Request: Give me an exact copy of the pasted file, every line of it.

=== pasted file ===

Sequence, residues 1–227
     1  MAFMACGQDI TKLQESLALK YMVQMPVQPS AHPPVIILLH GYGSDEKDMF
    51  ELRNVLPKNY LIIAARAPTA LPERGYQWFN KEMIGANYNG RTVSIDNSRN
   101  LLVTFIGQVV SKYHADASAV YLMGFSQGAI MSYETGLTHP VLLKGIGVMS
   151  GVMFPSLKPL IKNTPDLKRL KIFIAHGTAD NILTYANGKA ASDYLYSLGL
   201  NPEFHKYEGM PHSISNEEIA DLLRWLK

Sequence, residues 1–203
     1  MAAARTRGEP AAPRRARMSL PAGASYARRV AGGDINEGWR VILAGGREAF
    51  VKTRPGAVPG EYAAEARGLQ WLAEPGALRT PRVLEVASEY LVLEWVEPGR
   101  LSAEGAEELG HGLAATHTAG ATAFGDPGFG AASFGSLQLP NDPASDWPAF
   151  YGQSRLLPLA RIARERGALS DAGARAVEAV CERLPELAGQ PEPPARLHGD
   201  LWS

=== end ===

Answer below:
Sequence, residues 1–227
     1  MAFMACGQDI TKLQESLALK YMVQMPVQPS AHPPVIILLH GYGSDEKDMF
    51  ELRNVLPKNY LIIAARAPTA LPERGYQWFN KEMIGANYNG RTVSIDNSRN
   101  LLVTFIGQVV SKYHADASAV YLMGFSQGAI MSYETGLTHP VLLKGIGVMS
   151  GVMFPSLKPL IKNTPDLKRL KIFIAHGTAD NILTYANGKA ASDYLYSLGL
   201  NPEFHKYEGM PHSISNEEIA DLLRWLK

Sequence, residues 1–203
     1  MAAARTRGEP AAPRRARMSL PAGASYARRV AGGDINEGWR VILAGGREAF
    51  VKTRPGAVPG EYAAEARGLQ WLAEPGALRT PRVLEVASEY LVLEWVEPGR
   101  LSAEGAEELG HGLAATHTAG ATAFGDPGFG AASFGSLQLP NDPASDWPAF
   151  YGQSRLLPLA RIARERGALS DAGARAVEAV CERLPELAGQ PEPPARLHGD
   201  LWS